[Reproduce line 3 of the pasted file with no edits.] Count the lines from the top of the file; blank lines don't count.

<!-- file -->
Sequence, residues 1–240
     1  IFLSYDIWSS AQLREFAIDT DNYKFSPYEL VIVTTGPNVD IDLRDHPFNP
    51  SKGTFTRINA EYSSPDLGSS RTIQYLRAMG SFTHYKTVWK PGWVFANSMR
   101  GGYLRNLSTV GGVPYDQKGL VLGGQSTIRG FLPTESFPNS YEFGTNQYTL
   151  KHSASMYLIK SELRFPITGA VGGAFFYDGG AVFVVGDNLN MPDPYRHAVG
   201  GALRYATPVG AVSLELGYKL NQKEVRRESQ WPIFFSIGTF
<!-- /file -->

    51  SKGTFTRINA EYSSPDLGSS RTIQYLRAMG SFTHYKTVWK PGWVFANSMR